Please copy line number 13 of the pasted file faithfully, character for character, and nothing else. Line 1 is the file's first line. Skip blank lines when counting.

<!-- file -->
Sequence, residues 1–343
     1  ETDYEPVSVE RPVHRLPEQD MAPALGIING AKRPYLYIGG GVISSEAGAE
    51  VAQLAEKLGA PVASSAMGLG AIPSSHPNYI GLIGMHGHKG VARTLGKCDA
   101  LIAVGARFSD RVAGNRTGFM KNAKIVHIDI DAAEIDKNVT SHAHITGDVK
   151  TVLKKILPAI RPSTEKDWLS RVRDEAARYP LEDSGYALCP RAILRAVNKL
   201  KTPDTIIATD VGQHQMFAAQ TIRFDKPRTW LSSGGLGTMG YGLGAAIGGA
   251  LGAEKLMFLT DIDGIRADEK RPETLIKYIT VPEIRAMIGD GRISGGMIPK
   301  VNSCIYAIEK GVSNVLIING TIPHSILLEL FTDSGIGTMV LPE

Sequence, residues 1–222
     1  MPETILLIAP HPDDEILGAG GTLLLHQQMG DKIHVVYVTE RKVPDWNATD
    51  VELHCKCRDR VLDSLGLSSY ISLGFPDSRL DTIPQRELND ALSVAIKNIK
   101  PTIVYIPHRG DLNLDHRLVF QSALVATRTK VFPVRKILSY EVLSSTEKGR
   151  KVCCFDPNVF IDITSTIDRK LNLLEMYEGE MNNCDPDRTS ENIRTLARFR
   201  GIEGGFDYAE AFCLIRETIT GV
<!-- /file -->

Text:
   151  KVCCFDPNVF IDITSTIDRK LNLLEMYEGE MNNCDPDRTS ENIRTLARFR